“Bob Dylan is kind of a shared language. Every folk singer knows at least one Bob Dylan song,” he said.
Ironically, Jordan said that although he had spent years earlier in his career producing shows and booking other bands, he felt it was difficult to promote his own music. These days, however, that has become easier, as a number of his performances are funded by local cultural councils, for which he must write grant applications and apply. Currently, he is pursuing a grant through the Worcester Arts Council that would allow him to re-release his entire recording career on Bandcamp and other streaming services. Although he has a YouTube channel with over 100 of his solo and group performances available for viewing, the majority of his work – nearly 1,500 recordings of his songs since 1968 – is not available in streaming format. and the CDs he has released are nearly sold out, he says.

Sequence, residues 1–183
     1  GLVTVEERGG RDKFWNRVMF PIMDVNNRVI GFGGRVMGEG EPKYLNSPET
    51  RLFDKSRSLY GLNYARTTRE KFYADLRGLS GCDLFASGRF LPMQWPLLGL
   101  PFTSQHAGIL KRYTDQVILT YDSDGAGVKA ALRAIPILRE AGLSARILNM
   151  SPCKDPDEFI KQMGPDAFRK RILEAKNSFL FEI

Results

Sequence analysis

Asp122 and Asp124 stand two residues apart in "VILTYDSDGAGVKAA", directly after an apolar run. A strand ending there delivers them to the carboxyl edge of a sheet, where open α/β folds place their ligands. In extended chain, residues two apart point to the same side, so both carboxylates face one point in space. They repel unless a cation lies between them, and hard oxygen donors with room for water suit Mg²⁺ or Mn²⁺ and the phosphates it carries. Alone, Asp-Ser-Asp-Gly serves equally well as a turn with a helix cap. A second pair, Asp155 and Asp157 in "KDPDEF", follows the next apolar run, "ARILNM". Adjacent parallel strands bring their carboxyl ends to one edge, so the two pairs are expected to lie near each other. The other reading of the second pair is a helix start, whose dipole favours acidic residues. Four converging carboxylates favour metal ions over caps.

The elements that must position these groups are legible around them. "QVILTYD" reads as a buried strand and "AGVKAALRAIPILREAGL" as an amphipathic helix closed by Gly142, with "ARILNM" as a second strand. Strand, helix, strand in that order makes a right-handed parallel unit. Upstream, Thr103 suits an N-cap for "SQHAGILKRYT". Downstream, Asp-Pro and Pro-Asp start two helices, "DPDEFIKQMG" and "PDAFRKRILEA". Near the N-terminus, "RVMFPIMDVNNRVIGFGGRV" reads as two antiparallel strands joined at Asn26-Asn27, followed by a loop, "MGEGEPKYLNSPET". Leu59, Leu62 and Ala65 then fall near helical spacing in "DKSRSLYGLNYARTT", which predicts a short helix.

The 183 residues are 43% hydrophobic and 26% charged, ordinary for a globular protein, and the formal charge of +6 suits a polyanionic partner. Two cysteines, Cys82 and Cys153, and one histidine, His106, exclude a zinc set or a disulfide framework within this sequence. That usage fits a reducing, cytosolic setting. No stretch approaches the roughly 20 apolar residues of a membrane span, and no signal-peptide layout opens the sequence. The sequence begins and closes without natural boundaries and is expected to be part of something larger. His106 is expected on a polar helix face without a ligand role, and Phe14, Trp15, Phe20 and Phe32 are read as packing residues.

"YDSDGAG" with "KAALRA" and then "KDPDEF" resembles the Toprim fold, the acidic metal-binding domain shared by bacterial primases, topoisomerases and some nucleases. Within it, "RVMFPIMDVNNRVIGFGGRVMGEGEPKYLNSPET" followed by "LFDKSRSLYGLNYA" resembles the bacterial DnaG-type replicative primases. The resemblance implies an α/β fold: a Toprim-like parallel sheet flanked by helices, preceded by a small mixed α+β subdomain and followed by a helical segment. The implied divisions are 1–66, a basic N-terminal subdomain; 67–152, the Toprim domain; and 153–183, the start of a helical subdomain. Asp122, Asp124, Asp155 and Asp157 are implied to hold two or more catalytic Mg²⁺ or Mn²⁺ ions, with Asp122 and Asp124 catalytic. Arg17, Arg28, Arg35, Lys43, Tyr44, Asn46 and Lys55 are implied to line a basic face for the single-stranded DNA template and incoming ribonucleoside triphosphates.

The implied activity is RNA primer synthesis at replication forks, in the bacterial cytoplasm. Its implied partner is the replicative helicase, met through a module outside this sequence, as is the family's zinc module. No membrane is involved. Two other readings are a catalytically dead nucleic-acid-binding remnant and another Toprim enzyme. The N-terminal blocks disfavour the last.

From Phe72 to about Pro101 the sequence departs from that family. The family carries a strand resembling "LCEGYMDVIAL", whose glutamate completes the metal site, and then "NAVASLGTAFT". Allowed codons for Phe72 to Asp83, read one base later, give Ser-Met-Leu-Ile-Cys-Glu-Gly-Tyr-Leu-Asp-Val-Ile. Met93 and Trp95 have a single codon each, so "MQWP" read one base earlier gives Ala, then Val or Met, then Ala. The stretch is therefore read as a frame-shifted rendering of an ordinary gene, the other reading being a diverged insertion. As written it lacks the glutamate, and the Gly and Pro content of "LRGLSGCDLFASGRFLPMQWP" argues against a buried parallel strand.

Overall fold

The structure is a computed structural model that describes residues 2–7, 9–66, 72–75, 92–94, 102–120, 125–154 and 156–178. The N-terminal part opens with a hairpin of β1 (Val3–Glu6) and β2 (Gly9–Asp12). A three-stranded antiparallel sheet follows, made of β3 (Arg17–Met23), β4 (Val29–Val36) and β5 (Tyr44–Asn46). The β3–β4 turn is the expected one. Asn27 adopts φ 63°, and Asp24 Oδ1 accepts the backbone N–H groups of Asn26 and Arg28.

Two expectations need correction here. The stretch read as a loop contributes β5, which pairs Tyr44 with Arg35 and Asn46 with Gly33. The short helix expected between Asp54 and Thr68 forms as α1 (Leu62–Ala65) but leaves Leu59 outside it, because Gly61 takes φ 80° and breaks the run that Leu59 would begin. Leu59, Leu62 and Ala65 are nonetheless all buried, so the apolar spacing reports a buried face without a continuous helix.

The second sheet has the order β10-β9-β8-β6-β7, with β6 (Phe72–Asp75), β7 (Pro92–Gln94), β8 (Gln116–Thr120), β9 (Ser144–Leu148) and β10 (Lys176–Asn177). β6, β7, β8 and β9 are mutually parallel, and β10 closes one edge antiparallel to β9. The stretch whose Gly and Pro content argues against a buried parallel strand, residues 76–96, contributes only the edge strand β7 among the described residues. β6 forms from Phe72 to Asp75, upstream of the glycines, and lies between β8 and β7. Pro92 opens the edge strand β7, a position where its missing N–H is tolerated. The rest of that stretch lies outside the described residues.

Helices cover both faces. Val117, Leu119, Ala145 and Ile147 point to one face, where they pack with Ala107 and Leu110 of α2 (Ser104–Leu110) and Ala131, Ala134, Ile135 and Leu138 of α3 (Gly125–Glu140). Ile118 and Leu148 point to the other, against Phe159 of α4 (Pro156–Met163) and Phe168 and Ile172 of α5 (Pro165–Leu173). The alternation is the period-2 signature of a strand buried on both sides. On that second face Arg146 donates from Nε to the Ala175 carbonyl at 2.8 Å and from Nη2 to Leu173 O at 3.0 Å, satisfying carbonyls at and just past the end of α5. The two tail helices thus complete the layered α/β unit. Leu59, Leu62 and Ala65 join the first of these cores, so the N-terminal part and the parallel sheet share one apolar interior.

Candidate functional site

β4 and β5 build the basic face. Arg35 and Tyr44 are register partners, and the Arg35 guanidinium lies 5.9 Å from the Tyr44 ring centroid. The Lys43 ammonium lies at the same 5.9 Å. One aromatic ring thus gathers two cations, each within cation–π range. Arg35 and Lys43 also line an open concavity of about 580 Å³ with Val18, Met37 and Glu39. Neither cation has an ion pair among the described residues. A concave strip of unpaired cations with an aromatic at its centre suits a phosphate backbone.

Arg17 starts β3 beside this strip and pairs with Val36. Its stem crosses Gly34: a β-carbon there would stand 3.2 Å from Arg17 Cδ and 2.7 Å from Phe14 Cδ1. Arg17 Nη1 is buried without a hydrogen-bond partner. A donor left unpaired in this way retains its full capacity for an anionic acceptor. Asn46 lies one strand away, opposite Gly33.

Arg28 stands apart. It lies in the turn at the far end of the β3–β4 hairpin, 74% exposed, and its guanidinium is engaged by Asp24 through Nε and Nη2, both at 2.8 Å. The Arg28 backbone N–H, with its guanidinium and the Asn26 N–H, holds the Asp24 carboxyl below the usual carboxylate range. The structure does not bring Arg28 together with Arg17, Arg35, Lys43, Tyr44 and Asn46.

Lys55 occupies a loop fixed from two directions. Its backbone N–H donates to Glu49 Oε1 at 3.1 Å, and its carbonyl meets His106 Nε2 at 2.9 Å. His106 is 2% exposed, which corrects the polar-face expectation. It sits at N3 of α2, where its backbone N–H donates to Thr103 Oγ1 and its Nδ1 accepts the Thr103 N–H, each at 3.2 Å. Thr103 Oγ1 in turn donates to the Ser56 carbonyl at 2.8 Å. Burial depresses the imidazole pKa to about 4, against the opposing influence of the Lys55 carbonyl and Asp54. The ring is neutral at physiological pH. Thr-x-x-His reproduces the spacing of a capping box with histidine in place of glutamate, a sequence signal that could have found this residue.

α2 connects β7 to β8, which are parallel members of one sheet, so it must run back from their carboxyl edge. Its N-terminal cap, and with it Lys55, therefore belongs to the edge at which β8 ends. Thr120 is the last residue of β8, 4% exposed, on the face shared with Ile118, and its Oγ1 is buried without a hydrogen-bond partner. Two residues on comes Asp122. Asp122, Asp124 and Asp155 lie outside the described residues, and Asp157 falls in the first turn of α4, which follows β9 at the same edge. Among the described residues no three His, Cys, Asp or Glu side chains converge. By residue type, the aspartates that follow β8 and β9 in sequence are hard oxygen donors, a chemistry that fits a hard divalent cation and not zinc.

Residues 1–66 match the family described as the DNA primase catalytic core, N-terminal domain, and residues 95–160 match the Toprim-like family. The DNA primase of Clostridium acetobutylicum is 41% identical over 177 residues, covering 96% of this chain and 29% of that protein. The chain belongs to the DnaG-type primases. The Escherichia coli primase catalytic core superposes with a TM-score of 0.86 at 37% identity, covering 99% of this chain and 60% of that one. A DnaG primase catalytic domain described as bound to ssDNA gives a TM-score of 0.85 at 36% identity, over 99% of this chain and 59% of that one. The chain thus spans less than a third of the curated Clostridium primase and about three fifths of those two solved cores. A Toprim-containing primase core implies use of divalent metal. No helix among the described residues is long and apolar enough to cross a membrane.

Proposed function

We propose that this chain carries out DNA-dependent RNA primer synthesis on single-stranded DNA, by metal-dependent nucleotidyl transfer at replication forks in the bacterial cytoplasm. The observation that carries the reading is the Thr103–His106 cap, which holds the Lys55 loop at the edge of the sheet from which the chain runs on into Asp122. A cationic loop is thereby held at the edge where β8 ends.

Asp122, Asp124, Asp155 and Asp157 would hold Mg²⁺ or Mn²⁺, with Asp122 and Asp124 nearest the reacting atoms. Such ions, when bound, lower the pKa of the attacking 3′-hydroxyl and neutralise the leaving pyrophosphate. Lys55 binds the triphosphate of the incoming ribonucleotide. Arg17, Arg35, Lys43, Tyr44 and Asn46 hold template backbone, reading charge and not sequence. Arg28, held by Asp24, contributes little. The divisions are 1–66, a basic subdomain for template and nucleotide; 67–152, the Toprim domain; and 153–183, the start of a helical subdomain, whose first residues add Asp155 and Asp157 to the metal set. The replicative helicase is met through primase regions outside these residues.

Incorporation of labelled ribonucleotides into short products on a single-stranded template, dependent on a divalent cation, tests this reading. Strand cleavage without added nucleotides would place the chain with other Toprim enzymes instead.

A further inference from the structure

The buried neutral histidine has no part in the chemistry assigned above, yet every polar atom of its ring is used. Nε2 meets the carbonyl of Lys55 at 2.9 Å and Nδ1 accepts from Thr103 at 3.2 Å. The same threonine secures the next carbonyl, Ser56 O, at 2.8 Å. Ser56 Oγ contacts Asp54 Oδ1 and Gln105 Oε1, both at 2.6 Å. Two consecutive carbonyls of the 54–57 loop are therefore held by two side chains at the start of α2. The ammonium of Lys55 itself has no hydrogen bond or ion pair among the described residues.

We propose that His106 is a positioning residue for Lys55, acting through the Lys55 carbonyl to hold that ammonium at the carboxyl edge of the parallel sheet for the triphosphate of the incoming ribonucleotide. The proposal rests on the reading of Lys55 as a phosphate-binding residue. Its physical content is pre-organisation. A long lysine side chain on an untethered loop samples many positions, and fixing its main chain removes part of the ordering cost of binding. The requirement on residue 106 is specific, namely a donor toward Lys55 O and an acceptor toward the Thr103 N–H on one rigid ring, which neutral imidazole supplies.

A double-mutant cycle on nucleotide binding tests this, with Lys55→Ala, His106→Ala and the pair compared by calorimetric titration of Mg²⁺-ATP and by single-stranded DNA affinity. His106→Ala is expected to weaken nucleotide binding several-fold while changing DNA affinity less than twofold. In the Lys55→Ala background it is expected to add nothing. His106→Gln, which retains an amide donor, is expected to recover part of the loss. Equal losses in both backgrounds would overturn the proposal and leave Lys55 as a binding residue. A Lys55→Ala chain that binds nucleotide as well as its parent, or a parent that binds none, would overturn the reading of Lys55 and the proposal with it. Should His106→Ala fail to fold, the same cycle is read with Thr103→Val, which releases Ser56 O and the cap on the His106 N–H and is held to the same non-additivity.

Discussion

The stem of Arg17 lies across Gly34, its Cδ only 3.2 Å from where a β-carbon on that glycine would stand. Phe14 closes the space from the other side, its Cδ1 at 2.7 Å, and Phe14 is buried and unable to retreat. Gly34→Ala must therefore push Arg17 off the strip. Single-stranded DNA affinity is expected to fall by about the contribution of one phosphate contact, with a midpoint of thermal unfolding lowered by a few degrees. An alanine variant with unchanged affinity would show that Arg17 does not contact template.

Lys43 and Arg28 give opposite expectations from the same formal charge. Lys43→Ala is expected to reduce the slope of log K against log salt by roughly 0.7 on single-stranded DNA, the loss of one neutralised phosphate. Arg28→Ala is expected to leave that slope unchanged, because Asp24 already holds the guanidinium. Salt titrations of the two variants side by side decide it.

In the meantime, with around 100 shows on his schedule since last year and for the remainder of 2022 at senior centers and homes, farmers’ markets and various other alternative music venues, Jordan remains committed to playing music, from Greenfield to Marlboro and Westboro. and all the rest. Because Winchendon borders New Hampshire, he often plays in the neighboring state, and he also travels to Rochester two to three times a year, with his next performances scheduled for this month. It is currently booked for December.
“It basically keeps me young. That’s what music does,” Jordan said. “The physical act of playing a gig – my pain goes away when I play.”